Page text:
ALLGO seeking LGBTQ people of color who’ve experienced violence to participate in study

ALLGO, a statewide organization for queer people of color, is looking for transgender, lesbian, bisexual, gay and queer people of color who have experienced violence in their lives to participate in confidential, two-hour small group discussions asaprt of an effort to “understand what violence people have encountered, witnessed, or been affected by; how they think these experiences have or have not changed them; and why people respond to their experiences of violence in the way they choose.”

The project is being conducted in partnership with the UT Community Engagement Center. Elvia Mendoza and David Glisch-Sanchez will conduct the small group discussions, scheduled to take place this Thursday from 6:30 p.m. to 8 p.m. at the South Dallas Cultural Center, 3400 S. Fitzhugh Ave. in Dallas; and Thursday, Aug. 11, from 6:30 p.m. to 8:30 p.m. at a location in San Antonio to be announced later.

Anyone who identifies as a person of color and who also identifies as transgender, lesbian, gay, bisexual, queer, same-gender-loving and/or two-spirit, and who is a resident of Texas and at least 16 years old — and who has experienced some sort of violence in their life — is eligible to participate. Those who are interested in participating should contact Glisch-Sanchez by email at glisch.sanchez@gmail.com.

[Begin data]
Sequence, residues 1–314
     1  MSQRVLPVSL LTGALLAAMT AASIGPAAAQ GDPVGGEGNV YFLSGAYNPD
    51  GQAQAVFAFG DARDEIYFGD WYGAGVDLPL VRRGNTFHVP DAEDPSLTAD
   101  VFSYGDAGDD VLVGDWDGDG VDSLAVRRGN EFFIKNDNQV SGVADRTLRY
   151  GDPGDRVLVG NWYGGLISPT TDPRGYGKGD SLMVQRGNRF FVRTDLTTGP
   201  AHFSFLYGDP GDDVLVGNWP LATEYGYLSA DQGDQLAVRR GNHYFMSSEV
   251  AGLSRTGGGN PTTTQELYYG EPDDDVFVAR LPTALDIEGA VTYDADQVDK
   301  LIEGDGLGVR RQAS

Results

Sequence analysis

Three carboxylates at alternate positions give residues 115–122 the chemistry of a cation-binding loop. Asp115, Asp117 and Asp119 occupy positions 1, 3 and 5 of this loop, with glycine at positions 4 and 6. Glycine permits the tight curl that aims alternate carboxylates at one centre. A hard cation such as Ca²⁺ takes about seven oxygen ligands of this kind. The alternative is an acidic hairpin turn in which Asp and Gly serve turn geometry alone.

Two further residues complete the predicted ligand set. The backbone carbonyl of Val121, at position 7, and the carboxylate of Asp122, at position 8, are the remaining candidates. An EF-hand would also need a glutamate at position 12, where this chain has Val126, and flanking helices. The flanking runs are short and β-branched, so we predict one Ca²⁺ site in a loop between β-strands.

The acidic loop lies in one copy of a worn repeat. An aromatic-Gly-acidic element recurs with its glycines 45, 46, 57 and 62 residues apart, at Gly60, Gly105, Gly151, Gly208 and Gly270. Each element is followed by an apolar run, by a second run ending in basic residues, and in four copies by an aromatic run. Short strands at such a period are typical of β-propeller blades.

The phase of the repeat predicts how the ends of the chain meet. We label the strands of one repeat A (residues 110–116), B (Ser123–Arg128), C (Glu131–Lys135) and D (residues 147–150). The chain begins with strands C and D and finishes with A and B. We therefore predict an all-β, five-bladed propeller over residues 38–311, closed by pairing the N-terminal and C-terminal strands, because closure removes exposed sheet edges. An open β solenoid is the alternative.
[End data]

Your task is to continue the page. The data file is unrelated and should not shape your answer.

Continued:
—  admin

In 6 months, 1,300 same-sex marriages in Argentina

Casa Rosada, or Red House, is the presidential palace where the Argentine marriage law was signed six months ago

In the first six months since the same-sex marriage law was signed, almost 1,300 couples have registered through the registry office. And the wedding rate is rising, according to the Argentine newspaper Clarin.

Clarin reports that on Jan. 15, the Argentina Federation for Lesbian, Gay, Bisexual and Trans (FALGBT) had recorded 1,283 marriages in all provinces, although the distribution is not proportional, since most occur in large urban centers.

Recording the most marriages was the province of Buenos Aires (490) and the city of Buenos Aires (465). Other regions reporting include Santa Fe with 90, Cordova with 85 and Mendoza with 47. They say “sexual diversity in the more conservative provinces takes more time.”

Of the couples married, 70 percent are males who have been together 12-15 years. Possible explanations from FALGBT are because their lives are already consolidated and for health reasons they need to take care of each other. Younger couples prefer to try living together before marriage.

“Today there is no rush, because it is a right and may be exercised at any time,” says the head of FALGBT.

He said the first to marry were militants who brought the issue to the public. But now that the law has been in effect for awhile, many more are taking advantage and the rate of couples marrying is increasing.

Now, after marrying, a growing number of couples are beginning the process of adoption.

How has life changed for those who have married? One married woman says it is symbolic that the state recognizes her relationship and protects her at work and reassures her that if something happens to her, her wife has the tools to protect her. Another says it has to do with dignity, respect and having a sense of equality as well as the civil rights she can access through the law.

—  David Taffet